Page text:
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Monday, June 20, 2016

Numbers 60 - 51 "The Night Is A Blackbird"

#60, Nurse With Wound
60.Lass Mich - Faust & Nurse With Wound
Disconnected (2007)
Nobody seems to really know anything about the actual provenance of this album. It sounds a LOT like NWW got a hold of some Faust out-takes and decided to fuck with them, and a lot LESS like an actual collaboration. Some artists find themselves included in this list possibly more on the basis of a body of work or album than on a stellar standout single, and this is Nurse with Wound's moment. NWW as band, as opposed to NWW as Steven Stapleton began performing live again in 2005, but this appears to mark something of a side project - though Stapleton has apparently played a couple of live encores with Faust over the last couple of years. Anyway, while the whole album rightly deserves a place here, as certainly the best NWW offering I've heard in a long time, Stapleton is impossible to keep track of, so who knows what gems I may have missed? Regardless, this is probably the most accessible track off the album.

59.Clint Eastwood - Gorillaz
Clint Eastwood (Single) (2001)
It's kind of hard to imagine how Gorillaz ever had their conceptual birth. Would anyone in the nineties have even remotely dreamt that Damon Albarn would ever put out a rap album? Or that Misterdobalina WOULDN'T be the only thing Del the Funky Homosapien would be remembered for? Del performed on Gorillaz first album under the identity of "Del the Ghost Rapper", with the band having an unusually exhaustive fictional metanarrative incorporating cartoon half-ape/half-human characters. Del was supposed to be a spirit that was hiding from death within the band's drummer. Whatever.

It's funky, dance oriented pop, and that's arguably a height Gorillaz could be said to have scaled almost alone during the decade.

58.Sabrina - Einstürzende Neubauten
Silence is Sexy (2000)
Marking a neat and definitive break with their erstwhile trademark industrial raucousness, Silence is Sexy saw The Neubauten reborn as newly restrained, pared back, experimental unit. Silence itself is, obviously enough, the unit of analysis for the album. It's in the spaces BETWEEN events that the band creates meaning, not from the events themselves. But it's the very success of that pursuit which the band themselves seem to want to undermine, and the title track concludes oxymoronically with the rejoinder that "silence is not sexy at all."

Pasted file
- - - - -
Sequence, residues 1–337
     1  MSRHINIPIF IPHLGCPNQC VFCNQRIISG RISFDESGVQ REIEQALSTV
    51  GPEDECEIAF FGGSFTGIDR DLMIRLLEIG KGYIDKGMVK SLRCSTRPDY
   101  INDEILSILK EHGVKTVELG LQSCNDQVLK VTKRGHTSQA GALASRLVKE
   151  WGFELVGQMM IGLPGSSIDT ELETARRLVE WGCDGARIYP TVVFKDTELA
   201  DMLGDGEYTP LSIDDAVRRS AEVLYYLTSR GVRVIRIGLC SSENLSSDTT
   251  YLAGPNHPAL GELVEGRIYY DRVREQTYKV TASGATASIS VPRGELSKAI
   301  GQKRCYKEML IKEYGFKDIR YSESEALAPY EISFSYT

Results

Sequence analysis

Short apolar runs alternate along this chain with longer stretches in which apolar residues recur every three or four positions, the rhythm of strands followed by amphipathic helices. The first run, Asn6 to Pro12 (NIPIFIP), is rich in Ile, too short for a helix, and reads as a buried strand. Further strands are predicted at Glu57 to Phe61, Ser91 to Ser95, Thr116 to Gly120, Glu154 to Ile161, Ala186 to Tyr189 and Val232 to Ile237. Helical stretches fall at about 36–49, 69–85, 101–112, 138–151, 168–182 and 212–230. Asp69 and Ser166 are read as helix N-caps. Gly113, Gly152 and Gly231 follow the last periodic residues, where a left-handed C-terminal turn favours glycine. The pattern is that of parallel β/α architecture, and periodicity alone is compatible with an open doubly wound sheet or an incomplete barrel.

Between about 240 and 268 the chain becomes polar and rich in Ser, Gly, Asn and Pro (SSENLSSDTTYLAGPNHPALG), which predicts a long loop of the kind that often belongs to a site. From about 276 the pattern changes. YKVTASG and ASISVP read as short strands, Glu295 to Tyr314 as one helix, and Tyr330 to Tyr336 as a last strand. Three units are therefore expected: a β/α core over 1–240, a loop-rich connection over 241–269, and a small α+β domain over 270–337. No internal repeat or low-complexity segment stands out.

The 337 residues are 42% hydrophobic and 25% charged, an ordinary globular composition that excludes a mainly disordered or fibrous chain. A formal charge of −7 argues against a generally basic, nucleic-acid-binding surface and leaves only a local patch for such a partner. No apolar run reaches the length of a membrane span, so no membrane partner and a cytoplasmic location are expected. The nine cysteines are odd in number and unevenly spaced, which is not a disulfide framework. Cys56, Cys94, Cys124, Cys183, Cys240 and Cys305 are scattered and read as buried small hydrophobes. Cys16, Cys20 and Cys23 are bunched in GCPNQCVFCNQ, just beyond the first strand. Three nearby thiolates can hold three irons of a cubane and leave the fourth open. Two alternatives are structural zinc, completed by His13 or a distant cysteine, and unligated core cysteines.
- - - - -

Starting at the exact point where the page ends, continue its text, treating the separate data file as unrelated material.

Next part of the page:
Sabrina is easily the most radio friendly offering from the album, and quickly became one of the band's staple performance tracks. The song asks the question of what colour can be ascribed to this new music. Those who know the band's ethos know that they have always drawn inspiration from dada-ist processes of creation, using randomly drawn cards as musical instructions from which the songs are then improvised, so the idea of colour representing both mood and sound is no great leap of logic. And Sabrina answers in a resolute voice that the colour of silence is BLACKNESS. "It is as black as Malevich Square/The cold furnace in which we stare." And it's a brilliant blackness, with a video that does it complete justice.

57.The Night Is A Blackbird - Augie March
Strange Bird (2002)
Yep, well I'm pretty confident this isn't going to be in anyone else's top forties anywhere. So all the other lists are wrong. This song is like a slow-paced ritual emotional disembowelment. That's a GOOD thing. And Glenn A Richards is probably Australia's greatest contemporary lyricist. And I'm probably the only person in the country who thinks that. So all the other Australians are wrong too.